Hey, Who turned off all
the crickets? I’m not ready
for summer to end.
– Guyku by Bob Raczka – Peter Reynolds
I thought I’d start of this entry with this wonderful image and Haiku I came across that made me remember special moments in my own childhood. It is also currently the right time of year for an image like this as children everywhere are headed back to school.
The end of summer was always a pretty depressing time as freedom and endless playtime were soon to come to an abrupt end. As the start date comes closer the dread increases and a childhood version of clinical depression sets in. The only reprieve was the excitement in purchasing new school supplies. I can still remember the smell of a brand new Trapper Keeper in which I would organize my cartoon/action figure themed folders. If I were lucky I’d also have a new pair of shoes and a new backpack!
The end of August was the worst as the weather still felt like summer yet we would all be stuck inside learning new rules, adjusting to new schedules and getting to know a new teacher. Our textbooks were a bit old and I remember looking into them to see which students they had been issued to in previous years. These students were now in the upper grades and I remember being envious that they had already completed the grade I had just started. Each school year when you’re a kid seems like an eternity and knowing that I had to complete a whole year to get to the same level in which they were now made me very sad. I wanted to be them, or at least switch places with them. Each year being an eternity is long enough but in my elementary school was K-8 which meant I had to endure eternity to the 9th degree! It seemed I would be in elementary school for my entire life; there was no way I’d ever see the end of it.
To this day I still cringe when I hear the song Rock Steady by The Whispers. This is the song from my alarm I awoke to on the first day of 4th grade. The song abruptly comes on, I awake and am immediately thrown into the depths of despair and crushing sadness as I realize summer is officially over and that I must get dressed into a navy blue uniform, catch a bus and spend the next 9 months in a classroom.
The picture above reminds me of September which was a time when things got better. By September we were now used to our new schedule, teacher, classroom and rules. The temperature starts to cool, the color of the leaves change and it feels like the time to be in school. It is also soon to be the beginning of holiday season with the trio of Halloween, Thanksgiving and the holy grail of Christmas being on the horizon. The classrooms would become decorated with a Fall theme and the depression from the end of summer would become a distant memory.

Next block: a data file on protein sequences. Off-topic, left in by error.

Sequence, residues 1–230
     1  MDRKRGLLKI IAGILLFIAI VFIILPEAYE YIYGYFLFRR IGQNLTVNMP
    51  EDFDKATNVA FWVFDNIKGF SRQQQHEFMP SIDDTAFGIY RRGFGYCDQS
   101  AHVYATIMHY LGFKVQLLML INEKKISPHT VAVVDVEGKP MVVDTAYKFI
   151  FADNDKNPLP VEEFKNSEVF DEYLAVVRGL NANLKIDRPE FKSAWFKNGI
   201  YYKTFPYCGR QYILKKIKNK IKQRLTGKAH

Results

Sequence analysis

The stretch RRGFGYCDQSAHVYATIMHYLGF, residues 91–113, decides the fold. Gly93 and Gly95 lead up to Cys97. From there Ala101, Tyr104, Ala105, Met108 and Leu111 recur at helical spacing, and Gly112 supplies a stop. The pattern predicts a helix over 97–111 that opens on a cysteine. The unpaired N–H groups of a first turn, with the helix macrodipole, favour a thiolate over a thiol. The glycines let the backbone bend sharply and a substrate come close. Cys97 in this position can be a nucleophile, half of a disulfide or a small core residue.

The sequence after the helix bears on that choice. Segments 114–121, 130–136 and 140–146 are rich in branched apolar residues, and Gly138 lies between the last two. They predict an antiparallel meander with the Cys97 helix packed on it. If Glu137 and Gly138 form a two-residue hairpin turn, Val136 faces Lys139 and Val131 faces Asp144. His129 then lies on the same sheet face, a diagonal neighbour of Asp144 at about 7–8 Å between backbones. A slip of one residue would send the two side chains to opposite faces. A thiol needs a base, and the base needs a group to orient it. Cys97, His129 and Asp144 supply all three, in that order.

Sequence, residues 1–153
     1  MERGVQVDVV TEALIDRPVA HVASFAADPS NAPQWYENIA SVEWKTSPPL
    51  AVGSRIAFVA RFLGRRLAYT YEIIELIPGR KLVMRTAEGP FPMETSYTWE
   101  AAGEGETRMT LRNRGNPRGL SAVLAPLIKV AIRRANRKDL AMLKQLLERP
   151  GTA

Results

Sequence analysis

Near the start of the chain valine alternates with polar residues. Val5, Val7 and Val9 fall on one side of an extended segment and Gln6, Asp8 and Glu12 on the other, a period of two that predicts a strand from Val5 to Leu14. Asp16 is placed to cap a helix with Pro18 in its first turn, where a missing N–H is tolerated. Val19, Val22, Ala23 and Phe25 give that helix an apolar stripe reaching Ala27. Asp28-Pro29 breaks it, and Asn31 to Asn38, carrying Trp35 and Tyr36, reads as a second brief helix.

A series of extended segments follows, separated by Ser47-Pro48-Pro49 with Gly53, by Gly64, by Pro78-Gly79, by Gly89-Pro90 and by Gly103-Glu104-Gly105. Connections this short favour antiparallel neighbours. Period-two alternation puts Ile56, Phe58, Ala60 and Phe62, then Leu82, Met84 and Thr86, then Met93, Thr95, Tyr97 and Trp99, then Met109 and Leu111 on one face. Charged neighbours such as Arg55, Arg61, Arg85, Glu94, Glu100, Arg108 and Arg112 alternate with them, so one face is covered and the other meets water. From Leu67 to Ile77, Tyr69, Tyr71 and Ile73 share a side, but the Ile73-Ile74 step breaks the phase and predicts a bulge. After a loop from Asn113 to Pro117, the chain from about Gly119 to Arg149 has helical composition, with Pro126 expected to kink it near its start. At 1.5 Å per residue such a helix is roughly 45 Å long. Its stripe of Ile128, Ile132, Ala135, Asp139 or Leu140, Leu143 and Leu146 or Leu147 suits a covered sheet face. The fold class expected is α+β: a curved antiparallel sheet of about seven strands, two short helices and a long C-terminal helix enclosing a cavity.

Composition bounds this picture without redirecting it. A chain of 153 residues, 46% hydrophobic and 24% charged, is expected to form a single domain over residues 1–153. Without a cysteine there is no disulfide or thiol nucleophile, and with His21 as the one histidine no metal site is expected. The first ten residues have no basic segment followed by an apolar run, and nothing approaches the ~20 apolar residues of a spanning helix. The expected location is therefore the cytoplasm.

It is this time, September and October, with the falling of the leaves, a chill in the air and a solid turn of the page into a new chapter of my life. Here in California we do not have the four seasons. Everyday is another 60 degrees, another sunny day. One would think this weather would bring contentment and joy; but when I see the picture above the absence of seasons seems more like a purgatory, an eternal groundhog day, with each passing day being the same as the next. To add to this, my life does not change as abruptly as it did when I was a kid. With the change in seasons came school and within school new schedules, new teachers, new grade levels! At 38 years old I do pretty much the same thing – even with different companies – everyday, all year long. Yes, the holidays come and they are exciting but without the change of seasons they don’t feel the same.
There is no Autumn chill, no leaves changing color for Halloween and Thanksgiving. There is no snow in sight for Christmas thus no jackets or mittens, no snowball fights, no cozying up to a fireplace to warm up a cold body. No, it seems pretty much the same as any other time of the year except that the decorations are different.
So when I saw the image at the top of this post , it brought back some great memories; it conjured up memories of an excitement that only exists in childhood and as adults we’ll never feel again.
I stare at this picture and I miss being a kid. These past few weeks have been filled with typical work anxiety we all have that increases and lessens like the tide throughout the year. This anxiety isn’t as intense as going back to school as a kid – that anxiety is pretty bad but relatively brief. The work anxiety I feel at 38 is more like a low infinite hum. It is always there and can be ignored but increases in pitch from time to time and can never be turned off. I need to work to earn money, I need money to provide for my family and it will only end if/when I have enough money that I no longer need to work.
They say you never have to work if you can do what you love. I think that is true but that only 2% of the population actually find/create a job like that. When business people say they have a “passion” for their work 98% of them are lying or have deluded themselves. In the business world people need to conform and have been conditioned to say they are passionate about whatever it is they happen to sell. I once had a representative from a paper company tell me he was passionate about selling paper, including toilet paper. Doing something you love for work that actually provides ample amounts of money is as rare as catching a glimpse of an Arctic Fox. Those that say otherwise are trying to sell their motivational/inspirational course to you, most likely through an infomercial.
But, to get back on point, I would really like to be sitting on a swing, feeling a chill in the air as I admire the beautiful reds and yellows of the changing leaves. I’d love to paint that scene.
It looks like I’ve found something I’m passionate about. Now I just need to learn how to paint; and have people buy my paintings for a few grand a piece.